Police were justified in arresting a man who criticised them online for failing to act on information about the Christchurch mosque terrorist.
The Independent Police Conduct Authority (IPCA) investigated a complaint that the man's arrest and 48-hour detention was due to his criticism of the police and was unlawful.
However, the investigation found the man's arrest and detention were lawful but that it was unrelated to the criticism the man dished out.
Police Assistant Commissioner Richard Chambers said they accepted the IPCA's findings.
"Police take firearms offences extremely seriously, and the IPCA has determined the decision-making around the man's arrest and prosecution was appropriate, with the man's public comments having no bearing on the actions taken by officers."
Two days after the terror attacks on March 15, 2019, the man, called Mr X by the IPCA in their summary of events, became a person of interest after posting a recording on social media where he described witnessing the shooter's behaviour at a gun club.
Mr X said he was concerned about what he saw and warned police about him, however they failed to act on his warning.
On Saturday, March 23, police interviewed and then arrested Mr X, laying five charges of unlawful possession of firearms on him and kept him in custody over the weekend.
The day prior, police received a 111 call from a man called Mr Z who said Mr X had been in Auckland in possession of a Steyr rifle and multiple 30-round magazines.
The summary said attaching a 30-round magazine to a Steyr rifle meant it was configured as a military-style semi-automatic (MSSA) firearm.
On Facebook, police found a picture of Mr X holding an MSSA firearm with a 30-round magazine attached from 2016.
Later that evening, Mr Z's partner reported to police that she had returned home to find him dead in the house from a gunshot wound.
Mr X had been a firearms licence holder for a number of years but in February 2019 he voluntarily surrendered his licence to the Tauranga Police arms officer.
Mr X said he was surrendering the licence because he was under stress and "taking medication to help him balance his thoughts" due to issues with his former wife.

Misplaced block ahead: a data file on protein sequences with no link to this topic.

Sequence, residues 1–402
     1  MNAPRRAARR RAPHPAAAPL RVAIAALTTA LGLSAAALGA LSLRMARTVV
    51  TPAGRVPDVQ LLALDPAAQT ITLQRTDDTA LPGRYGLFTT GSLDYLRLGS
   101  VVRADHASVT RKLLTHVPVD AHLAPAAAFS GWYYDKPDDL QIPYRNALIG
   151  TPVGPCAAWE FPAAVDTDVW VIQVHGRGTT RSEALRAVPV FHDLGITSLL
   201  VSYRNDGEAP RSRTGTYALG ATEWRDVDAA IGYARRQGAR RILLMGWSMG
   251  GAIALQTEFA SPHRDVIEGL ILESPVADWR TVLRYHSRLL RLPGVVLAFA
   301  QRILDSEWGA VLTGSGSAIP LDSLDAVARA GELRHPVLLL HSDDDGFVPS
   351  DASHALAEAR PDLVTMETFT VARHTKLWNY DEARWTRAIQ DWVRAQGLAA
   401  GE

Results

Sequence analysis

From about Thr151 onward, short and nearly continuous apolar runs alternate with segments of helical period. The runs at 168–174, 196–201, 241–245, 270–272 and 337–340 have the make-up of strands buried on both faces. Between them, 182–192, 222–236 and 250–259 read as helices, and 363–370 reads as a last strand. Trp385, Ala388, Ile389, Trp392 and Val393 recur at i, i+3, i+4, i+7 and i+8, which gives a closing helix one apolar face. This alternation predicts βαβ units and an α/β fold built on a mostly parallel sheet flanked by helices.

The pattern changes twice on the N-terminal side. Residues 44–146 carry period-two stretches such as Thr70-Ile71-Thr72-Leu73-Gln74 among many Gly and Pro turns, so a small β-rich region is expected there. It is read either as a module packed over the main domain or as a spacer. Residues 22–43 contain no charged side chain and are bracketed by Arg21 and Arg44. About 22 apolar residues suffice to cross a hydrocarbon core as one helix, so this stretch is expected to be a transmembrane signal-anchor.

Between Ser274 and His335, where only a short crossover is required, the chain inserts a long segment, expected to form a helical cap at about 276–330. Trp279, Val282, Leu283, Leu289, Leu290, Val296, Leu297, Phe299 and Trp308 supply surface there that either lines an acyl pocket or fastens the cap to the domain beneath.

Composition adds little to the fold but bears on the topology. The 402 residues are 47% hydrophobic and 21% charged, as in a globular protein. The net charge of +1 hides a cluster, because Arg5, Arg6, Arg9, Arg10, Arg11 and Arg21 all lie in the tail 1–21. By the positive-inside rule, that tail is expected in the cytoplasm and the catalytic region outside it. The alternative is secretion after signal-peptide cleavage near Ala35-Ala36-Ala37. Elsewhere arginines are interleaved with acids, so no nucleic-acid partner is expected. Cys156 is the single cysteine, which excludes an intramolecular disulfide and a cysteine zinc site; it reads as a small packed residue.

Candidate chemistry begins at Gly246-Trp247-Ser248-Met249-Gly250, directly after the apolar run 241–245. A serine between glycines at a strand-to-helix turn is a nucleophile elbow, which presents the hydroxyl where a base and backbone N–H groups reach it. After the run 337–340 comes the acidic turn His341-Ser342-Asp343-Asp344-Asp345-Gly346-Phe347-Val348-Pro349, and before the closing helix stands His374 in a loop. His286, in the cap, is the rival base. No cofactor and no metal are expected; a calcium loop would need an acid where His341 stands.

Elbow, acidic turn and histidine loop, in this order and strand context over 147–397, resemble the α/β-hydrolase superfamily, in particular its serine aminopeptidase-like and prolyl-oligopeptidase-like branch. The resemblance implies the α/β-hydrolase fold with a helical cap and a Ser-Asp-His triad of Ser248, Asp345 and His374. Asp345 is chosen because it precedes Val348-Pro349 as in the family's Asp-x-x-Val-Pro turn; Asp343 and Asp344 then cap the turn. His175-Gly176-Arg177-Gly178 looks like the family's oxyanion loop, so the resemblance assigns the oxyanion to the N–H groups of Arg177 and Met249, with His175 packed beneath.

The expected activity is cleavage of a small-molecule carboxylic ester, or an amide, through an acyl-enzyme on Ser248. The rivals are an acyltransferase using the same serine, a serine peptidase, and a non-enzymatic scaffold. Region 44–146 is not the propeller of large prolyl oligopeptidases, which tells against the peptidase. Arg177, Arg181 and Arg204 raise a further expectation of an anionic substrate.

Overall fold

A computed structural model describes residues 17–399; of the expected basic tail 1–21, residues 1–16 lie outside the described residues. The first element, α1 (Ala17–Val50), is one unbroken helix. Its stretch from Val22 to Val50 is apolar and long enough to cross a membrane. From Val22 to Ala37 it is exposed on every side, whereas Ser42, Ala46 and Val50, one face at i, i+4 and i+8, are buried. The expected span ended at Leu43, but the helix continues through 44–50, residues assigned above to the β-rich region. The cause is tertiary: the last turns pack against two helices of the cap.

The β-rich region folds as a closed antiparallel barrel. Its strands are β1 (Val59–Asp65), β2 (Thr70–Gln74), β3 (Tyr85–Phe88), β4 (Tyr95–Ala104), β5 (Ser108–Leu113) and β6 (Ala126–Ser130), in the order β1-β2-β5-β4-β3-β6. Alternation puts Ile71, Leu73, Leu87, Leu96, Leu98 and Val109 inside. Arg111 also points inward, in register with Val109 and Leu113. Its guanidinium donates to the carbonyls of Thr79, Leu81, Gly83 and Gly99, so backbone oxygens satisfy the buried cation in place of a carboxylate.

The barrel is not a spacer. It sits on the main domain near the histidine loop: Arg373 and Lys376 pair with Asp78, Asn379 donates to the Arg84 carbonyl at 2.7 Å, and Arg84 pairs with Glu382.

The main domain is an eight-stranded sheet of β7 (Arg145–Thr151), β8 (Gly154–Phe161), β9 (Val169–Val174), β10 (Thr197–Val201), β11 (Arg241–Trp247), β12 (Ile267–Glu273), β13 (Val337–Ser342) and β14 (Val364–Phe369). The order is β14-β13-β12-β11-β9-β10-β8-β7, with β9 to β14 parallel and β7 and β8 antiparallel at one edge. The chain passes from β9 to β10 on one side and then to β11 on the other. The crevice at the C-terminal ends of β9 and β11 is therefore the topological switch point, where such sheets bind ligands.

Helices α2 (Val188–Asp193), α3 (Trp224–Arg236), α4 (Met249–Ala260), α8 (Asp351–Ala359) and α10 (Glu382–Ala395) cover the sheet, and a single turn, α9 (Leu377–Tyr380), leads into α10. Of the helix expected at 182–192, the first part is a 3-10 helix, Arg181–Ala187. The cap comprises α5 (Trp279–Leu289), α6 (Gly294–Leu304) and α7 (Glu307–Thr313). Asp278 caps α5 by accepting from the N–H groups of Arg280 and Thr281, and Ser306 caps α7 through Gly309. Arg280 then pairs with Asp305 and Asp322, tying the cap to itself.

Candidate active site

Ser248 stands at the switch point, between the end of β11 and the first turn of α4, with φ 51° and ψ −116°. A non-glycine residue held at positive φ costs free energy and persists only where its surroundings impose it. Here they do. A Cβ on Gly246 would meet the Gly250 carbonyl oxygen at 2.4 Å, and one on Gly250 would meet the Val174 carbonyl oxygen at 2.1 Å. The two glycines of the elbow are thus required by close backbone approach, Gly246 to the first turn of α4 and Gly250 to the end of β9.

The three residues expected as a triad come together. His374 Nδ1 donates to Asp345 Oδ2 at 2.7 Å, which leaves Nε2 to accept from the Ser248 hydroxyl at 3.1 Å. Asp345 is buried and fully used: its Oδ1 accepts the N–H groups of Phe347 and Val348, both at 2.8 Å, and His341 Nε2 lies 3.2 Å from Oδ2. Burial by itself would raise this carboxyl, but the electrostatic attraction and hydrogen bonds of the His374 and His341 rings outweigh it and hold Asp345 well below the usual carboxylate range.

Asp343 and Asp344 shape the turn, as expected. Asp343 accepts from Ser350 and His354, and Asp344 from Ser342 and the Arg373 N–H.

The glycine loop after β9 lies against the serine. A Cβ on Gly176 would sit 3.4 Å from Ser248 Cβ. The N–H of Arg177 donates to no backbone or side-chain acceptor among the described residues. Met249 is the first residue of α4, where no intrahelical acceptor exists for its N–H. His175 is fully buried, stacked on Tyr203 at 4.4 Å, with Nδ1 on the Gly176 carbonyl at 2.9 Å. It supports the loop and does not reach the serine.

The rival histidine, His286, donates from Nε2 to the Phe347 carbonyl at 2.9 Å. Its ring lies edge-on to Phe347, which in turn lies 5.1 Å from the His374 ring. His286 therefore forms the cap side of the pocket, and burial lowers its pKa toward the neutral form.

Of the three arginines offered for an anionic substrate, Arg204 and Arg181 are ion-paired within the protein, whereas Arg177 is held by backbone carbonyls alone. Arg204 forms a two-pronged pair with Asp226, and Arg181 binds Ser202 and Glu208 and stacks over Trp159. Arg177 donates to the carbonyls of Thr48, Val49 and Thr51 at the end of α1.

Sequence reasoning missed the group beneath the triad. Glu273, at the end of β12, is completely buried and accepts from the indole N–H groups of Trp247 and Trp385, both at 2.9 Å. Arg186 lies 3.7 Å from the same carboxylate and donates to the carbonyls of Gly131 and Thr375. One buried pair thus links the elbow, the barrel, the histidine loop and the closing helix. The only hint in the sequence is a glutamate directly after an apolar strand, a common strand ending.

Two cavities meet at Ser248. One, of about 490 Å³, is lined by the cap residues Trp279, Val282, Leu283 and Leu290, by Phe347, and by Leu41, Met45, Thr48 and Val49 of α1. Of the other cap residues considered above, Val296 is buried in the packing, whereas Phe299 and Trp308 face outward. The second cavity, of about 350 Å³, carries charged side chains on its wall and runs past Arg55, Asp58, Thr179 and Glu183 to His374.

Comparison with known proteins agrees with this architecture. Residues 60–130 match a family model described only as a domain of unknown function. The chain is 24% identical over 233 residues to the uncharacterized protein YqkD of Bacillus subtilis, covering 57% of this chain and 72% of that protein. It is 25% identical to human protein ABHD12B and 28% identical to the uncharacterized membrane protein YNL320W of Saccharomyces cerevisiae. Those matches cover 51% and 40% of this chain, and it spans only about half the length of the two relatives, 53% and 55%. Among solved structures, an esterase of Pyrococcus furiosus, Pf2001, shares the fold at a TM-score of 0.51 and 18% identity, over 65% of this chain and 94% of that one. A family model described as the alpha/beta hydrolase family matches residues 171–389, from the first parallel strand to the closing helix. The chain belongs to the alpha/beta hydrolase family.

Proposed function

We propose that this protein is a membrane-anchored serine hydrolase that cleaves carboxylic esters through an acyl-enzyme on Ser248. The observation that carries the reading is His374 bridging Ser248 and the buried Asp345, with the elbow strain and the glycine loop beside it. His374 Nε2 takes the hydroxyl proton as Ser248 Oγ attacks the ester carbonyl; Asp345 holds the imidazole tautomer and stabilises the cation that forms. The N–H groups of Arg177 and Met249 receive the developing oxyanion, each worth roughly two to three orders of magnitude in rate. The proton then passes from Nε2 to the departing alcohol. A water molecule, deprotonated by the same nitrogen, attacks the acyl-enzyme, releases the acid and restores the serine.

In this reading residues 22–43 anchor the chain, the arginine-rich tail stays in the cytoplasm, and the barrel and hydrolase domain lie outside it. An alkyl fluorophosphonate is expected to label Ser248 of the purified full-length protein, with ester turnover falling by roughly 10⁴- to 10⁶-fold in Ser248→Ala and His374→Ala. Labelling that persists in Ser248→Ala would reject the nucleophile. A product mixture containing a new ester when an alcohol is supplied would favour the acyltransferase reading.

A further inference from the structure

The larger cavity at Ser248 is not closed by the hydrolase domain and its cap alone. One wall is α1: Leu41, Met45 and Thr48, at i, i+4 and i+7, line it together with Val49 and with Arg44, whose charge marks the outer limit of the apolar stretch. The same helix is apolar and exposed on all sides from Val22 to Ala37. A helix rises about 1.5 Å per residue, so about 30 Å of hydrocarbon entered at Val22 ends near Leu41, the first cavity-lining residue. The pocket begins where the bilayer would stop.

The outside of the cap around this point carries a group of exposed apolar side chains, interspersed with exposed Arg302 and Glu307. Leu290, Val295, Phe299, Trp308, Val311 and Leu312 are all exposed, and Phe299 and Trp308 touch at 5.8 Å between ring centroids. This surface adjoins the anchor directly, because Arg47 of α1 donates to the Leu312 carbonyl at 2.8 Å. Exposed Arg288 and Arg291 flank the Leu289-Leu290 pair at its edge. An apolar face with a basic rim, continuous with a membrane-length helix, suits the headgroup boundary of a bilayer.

The arms officer did not require Mr X to surrender his firearms. He told the officer they were with a friend, Mr Y.
Following Mr Z's death, Tauranga Police were instructed to urgently locate Mr X and seize his firearms while inquiries were made into the death.
On the Saturday morning, Mr Y removed to rifles belonging to Mr X and surrendered them to police — the Steyr rifle was not there.
After Mr X — who was fishing — was located, police took him in for questioning and asked him about the whereabouts of his firearms and the photograph on Facebook of the MSSA.
Mr X said the photograph was taken overseas and that, in addition to the firearms in Tauranga, he also had firearms located on a farm in Waikato.
Police located a shotgun, two rifles, the Steyr rifle and also found and seized ammunition, bolts, magazines and a barrel from the property.
Mr X said the Steyr rifle was not configured as an MSSA and he had no 30-round magazines, of which none were found with any of Mr X's firearms.
Mr X said when he surrendered his licence four weeks earlier, the police did not give him any instructions about his firearms and was in the process of selling them.
After speaking with police, he was arrested for the unlawful possession of the Steyr rifle believed to be an MSSA weapon, and the ammunition found.
However, on the Monday morning, the arresting officer concluded there was insufficient evidence that Mr X intended to use the firearms for an unlawful purpose.
It was thought a lesser charge of possession in breach of licence was appropriate, however.
The IPCA thought it was reasonable for police to be concerned about Mr X's access to firearms, specifically the Steyr rifle, after Mr Z's death because he had recently surrendered his licence, citing emotional and psychological reasons for doing so.
Police were justified in arresting Mr X after discovering he was in possession of firearms while unlicensed and had firearms at a location unknown to them.
"The arrest was reasonable and based upon the information police had at the time about Mr X's licence status and the physical location of his firearms," the IPCA summary said.
"It was unrelated to Mr X's public criticism of police."
The IPCA was also satisfied that Mr X's detainment until the next available court sitting was lawful and based on an assessment of potential risk.
Mr X pleaded guilty to one charge of possession of firearms without a licence. He applied for, and was granted, a discharge without conviction.